Fifty-nine percent of employees feel they should be automatically entered into their 401(k) retirement plan and a standard deferral rate program, according to the latest Principal Financial Well Being Index, which found that an increasing number of employees were contributing to retirement plans because of a "do-it-for-me" strategy.
The 59% is a substantial jump from 2002, when 35% of employees agreed with the notion of automatic enrollment.
"Employees have long been yearning for simplification and do-it-for-me solutions to retirement investing," said Dan Houston, the executive VP of The Principal's Retirement and Income Services, in a statement. "The good news is that in the short period that automatic solutions have been available, we are beginning to see employees' savings and investing behaviors improve as a result of these programs."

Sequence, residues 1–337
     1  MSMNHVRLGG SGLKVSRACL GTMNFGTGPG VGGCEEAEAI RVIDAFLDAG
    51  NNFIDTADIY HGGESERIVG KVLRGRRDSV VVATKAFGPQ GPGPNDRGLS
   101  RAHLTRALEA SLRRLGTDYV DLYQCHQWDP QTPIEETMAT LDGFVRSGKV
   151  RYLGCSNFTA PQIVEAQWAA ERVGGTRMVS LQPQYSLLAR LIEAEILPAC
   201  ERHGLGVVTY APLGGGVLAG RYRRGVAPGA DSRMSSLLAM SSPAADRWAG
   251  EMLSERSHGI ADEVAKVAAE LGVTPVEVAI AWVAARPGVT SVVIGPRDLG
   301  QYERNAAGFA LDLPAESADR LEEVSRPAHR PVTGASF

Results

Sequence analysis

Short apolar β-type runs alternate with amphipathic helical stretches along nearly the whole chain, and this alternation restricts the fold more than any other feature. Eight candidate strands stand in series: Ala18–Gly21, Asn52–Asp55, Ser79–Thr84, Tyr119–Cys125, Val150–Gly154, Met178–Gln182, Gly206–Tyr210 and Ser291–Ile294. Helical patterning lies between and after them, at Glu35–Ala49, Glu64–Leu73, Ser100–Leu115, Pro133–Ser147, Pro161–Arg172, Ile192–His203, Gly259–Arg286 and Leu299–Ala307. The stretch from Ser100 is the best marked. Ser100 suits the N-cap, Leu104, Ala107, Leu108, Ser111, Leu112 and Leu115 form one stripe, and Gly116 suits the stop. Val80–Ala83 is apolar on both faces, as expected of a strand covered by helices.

The survey was conducted online by Harris Interactive and targeted 1,100 employees and 638 retirees of small and mid-sized U.S. businesses. Among other findings, the survey found that: 82% of employees said they would want financial planning assistance in the workplace; 49% would pay for these services; and 62% of employees planned to spend 20 years or less in retirement.
"The research shows we have more work to do with many American workers and retirees who remain overly optimistic about the adequacy of the income their savings will provide throughout retirement," Houston said.